After getting rave reviews at the June 26th Community Teaching Garden potluck, Jacob’s homemade bread recipe was deemed to be a necessary addition for the growing CTG recipe collection. So without further ado, here it is in ‘Jacob lingo’:
Jacob Mushlin’s Homemade Bread:
3 cups water (warmer than wrist)
1 1/2 tablespoons yeast (2 packets)
1 1/2 tablespoons salt
6 cups flour
Combine ingredients and then allow to rise for 2 hours with a non-airtight lid on in the oven with the light on (aka a warmish place).
It’s now ready to bake, but flavor improves with a minimum refrigeration of 3 hours. It can stay refrigerated for a week, but not much longer.
On baking day you’ll dust the dough with flour and pull off a grapefruit-sized clump. You may need to dust your hands for this part. You are NOT kneading it. Just fold the “corners” underneath, producing a pillow on the top and the bunched corners on the bottom. Lightly cover a pizza peel or cutting board with corn meal (steel-cut oats). Let it rest for 40 minutes before baking. It may or may not rise.
20 minutes into resting, preheat the oven to 450. If you have a pizza stone (you should totally get one), start it in a cold oven.
Also include a baking pan under or beside the stone. As the bread is added to the hot oven, pour a cup of cold water on the baking sheet and close the oven. The steam is important, according to the people who actually know how to do this.
Bake 30 minutes or until the loaves are golden. They should have a crispy crack when thumped.
What a week to spend at the Community Teaching Gardens! Our 12th week of the program saw the arrival of a new garden shed at the Ethan Allen Homestead site, a wonderfully informative discussion on ‘Forest Gardening’ by Meghan Giroux, some bountiful harvests (garlic, finally!!), and some amazing sunsets. As the beds continue to burst with life our gardeners are leaving each class with arms laden with delicious-looking veggies and proud smiles. We are sure to see some of these garden-grown delights infused into the dishes at our next CTG potluck this Saturday!
Forest Gardening with Meghan Giroux:
On Monday, both of our CTG classes gathered at the Tommy Thompson Community Garden to delve into the realm of Forest Gardening, a topic presented to all by Meghan Giroux of Vermont Edible Landscapes. Meghan, a native Vermonter, arrived to the scene with a truck laden with plants ranging from a Mesabi Cherry Tree to some echinacea and plenty of compost. The talk began with a brief introduction of the topic of ‘Forest Gardening’, an ecological way of growing polycultures (many plants) that mimic the structure and function of a natural forest. The goal of forest gardening lies in decreasing inputs and maximizing outputs as the system functions like a natural ecosystem. As Meghan guided us through her lesson, she noted that paying attention to design and architecture is key in creating a forest garden that will maximize the growing space above and below ground. The various types of plants she kindly donated exemplified this as they formed a guild, or a grouping of plants that all offered a unique function thus benefitting one another and maximizing their success as a whole living unit. Some examples of the guild that Meghan helped to create included the Siberian Pea Shrub, a leguminous species that provides atmospheric nitrogen fixation, and comfrey, a dynamic accumulator that selectively accumulates mineral nutrients and adds them to the topsoil each year. Prior to her planting demo, Meghan gave a brief crash course on soils and how to test it, build soil fertility and topsoil, and continue to maintain soil health long-term. With too short of a time period to share her extensive, impressive knowledge, Meghan suggested the following resources for learning more about forest gardening:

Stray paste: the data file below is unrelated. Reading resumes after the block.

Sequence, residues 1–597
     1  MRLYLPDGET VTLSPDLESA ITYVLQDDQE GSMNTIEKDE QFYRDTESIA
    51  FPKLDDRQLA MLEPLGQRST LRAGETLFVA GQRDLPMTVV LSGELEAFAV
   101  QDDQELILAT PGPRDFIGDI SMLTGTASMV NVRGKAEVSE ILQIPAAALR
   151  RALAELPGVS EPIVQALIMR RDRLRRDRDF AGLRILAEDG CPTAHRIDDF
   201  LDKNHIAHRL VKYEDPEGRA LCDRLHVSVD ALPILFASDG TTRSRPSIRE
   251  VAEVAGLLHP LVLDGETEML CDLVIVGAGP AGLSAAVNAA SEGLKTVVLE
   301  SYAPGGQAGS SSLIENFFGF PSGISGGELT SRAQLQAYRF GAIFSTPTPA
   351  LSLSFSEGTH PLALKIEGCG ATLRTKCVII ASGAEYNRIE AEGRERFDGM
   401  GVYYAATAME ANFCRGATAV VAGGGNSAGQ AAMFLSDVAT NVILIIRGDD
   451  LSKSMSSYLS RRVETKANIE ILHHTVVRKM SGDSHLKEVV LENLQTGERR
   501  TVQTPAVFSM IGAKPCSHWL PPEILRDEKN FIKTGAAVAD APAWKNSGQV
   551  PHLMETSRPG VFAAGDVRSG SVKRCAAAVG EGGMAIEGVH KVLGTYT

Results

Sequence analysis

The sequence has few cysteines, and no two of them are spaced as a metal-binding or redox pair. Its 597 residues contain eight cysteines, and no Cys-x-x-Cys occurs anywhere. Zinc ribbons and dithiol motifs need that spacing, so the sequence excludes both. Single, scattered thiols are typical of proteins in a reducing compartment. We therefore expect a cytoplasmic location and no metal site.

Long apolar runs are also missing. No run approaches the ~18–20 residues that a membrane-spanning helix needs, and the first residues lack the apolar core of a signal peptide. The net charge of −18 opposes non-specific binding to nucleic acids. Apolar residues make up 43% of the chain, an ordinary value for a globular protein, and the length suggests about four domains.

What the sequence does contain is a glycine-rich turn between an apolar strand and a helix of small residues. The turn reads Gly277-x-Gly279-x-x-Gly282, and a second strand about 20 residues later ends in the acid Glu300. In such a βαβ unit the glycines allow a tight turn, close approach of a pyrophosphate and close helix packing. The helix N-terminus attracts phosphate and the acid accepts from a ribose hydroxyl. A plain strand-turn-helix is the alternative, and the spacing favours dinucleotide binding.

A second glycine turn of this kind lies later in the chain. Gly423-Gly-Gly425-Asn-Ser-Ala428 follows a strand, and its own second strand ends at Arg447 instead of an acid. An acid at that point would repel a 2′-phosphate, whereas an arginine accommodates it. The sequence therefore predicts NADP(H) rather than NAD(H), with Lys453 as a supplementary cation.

In addition to her extremely interesting discussion, Meghan led the students in a hands-on planting activity. With shovels and compost in hand, the students worked alongside one another planting the wide array of species Meghan brought along. Thus, a quick lesson in how to plant trees was in order when the Mesabi Cherry went into the ground. Although she calls her style unconventional, Meghan described the tree planting process to be at least a year long as it is important to prepare the site prior to actually planting by adding straw, compost, woodchips, and gypsum. After overwintering, this process naturally gets rid of grass while also creating a foundation that mimics what is happening in a forest floor. Other important tips included breaking up the walls of the planting hole if they become compacted during the digging process and topdressing the planted tree with compost rather than filling the hole, this allows the roots to seek native soils. Meghan’s final instruction addressed questions about pruning, which should take place in winter and late summer. The pruning technique of espaliering offers a great solution for our newest garden addition, as well as several other species of fruit trees, as it helps contain tree growth to a singular plane. We’re sure our young forest garden will certainly prove to have a highly productive future in the Tommy Thompson garden, thanks Meghan!
This week was rounded out with the much-anticipated garlic harvest on both Monday and Wednesday evening, and the final steps of planting the forest garden. Next week brings the upcoming CTG potluck and another exciting special event, stay tuned for the updates!